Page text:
And surprisingly, another airline which may not access State funding is Lufthansa. After announcing the group will attempt to lay off up to 22,000 employees while agreeing to a €9-billion “rescue package,” the Frankfurt-based group just discovered a major problem: the new main shareholder.
During the Covid-19 crisis, Munich-based billionaire Heinz Hermann Thiele increased his already conspicuous holdings of Lufthansa shares to 15%, making him the first shareholder. Thiele, who cut his teeth as a corporate patent lawyer before entering in the Vorstände (executive boards) of several transport technology companies, has been extremely vocal in his criticism of the “rescue package” negotiated by Lufthansa CEO Carsten Spohr.
While the German government at first maintained Thiele was “just bluffing,” they later had to admit he carries more than enough weight in the Lufthansa board to scuttle the “rescue package” and possibly send the whole group into administration during the crucial meeting to be held on June 25, should he choose to do so.
As it always happens with Lufthansa, politics have fully taken over now. While Thiele has long been a vocal critic of the Merkel Cabinet, a political compromise will be found that will allow Thiele to get what he wants and the German government to declare victory and move on.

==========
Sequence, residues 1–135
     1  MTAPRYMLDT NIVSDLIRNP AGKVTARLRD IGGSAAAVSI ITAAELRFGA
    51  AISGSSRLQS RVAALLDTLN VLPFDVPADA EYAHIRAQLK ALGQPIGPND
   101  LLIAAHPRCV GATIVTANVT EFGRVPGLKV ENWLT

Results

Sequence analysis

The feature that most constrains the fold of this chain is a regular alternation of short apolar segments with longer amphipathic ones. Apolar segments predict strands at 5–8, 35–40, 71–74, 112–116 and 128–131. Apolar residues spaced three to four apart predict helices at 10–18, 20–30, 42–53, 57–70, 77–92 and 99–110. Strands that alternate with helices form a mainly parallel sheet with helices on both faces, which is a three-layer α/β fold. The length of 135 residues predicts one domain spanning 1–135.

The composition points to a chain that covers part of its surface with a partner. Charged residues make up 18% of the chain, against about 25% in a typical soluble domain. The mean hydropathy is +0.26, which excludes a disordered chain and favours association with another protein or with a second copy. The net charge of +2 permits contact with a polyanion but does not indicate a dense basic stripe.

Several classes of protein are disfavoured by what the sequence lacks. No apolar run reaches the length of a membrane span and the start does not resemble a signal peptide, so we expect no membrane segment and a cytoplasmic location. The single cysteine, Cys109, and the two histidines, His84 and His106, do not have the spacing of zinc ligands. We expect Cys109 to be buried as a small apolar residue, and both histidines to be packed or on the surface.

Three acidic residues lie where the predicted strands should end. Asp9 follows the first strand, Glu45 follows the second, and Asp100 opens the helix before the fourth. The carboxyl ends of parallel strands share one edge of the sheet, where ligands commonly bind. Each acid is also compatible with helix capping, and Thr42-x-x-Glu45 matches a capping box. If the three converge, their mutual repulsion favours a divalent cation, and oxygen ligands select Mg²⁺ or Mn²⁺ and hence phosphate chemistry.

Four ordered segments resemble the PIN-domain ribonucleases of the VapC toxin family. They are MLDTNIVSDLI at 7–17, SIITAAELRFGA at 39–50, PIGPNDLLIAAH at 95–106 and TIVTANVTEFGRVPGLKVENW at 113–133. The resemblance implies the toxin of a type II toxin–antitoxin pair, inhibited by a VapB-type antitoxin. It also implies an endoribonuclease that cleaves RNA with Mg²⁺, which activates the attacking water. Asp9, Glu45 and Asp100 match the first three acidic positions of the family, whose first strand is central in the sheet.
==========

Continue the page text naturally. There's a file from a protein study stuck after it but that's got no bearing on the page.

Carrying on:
A solution is absolutely necessary at the moment as the whole Lufthansa group (Lufthansa, Swiss, Brussels Airlines, Dolomiti, etc.) is ramping up operations on flights to destinations in Europe and the Middle East, with the number of flights further increasing starting July 1. As the saying goes failure is not an option.
Using the force majeure clause in the preliminary agreement, the Polish Aviation Group (PGL) has already decided they will scuttle the deal to purchase German leisure airline Condor.
In January, PGL – a state-owned group which wholly controls Polish flag carrier LOT and has a 49% stake in Nordica, the Estonian flag carrier – announced a plan to buy Condor for about €300 million. Condor had previously been part of the ill-fated Thomas Cook Group and narrowly escaped bankruptcy thanks to a €380 million bridge loan from the German state-owned development bank KfW.
With PGL now out of the picture, Condor will need more state-backed money to survive: This is presently estimated at around €200 million. It’s likely the German government will attempt to “dump” Condor upon either Lufthansa or TUI Group. But in the present climate both groups are very likely to resist vigorously, unless Condor comes with a hefty financial support package.